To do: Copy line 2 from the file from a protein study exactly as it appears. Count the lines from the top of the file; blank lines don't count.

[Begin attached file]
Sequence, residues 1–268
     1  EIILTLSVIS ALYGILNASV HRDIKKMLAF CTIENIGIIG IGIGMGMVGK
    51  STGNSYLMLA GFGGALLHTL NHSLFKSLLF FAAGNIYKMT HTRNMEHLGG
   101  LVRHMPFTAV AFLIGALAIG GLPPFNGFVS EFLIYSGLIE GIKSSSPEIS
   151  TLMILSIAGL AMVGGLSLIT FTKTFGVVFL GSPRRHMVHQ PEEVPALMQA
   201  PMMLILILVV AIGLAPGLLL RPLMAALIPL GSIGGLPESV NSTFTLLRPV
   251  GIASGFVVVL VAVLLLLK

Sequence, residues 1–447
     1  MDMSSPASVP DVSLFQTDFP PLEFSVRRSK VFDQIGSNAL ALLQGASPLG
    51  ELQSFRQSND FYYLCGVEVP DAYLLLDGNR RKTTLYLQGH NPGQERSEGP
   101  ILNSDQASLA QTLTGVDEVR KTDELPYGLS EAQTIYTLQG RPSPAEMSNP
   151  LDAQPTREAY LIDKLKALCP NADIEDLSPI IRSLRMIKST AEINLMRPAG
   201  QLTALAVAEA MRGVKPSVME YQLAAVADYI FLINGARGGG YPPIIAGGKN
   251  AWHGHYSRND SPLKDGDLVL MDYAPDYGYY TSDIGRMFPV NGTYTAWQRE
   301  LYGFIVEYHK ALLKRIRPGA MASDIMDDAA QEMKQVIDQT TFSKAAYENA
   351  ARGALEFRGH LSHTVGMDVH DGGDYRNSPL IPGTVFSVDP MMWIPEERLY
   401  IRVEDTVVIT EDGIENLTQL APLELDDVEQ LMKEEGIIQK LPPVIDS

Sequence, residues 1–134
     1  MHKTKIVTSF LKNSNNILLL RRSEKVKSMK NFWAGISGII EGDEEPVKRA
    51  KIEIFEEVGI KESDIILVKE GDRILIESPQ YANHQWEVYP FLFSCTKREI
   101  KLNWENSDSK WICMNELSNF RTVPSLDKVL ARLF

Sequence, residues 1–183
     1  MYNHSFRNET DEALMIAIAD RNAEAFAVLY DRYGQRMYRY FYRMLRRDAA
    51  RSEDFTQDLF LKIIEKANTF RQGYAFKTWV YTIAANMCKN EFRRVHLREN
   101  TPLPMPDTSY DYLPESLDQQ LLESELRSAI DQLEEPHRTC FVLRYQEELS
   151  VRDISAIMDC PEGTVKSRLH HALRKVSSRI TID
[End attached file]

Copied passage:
     1  EIILTLSVIS ALYGILNASV HRDIKKMLAF CTIENIGIIG IGIGMGMVGK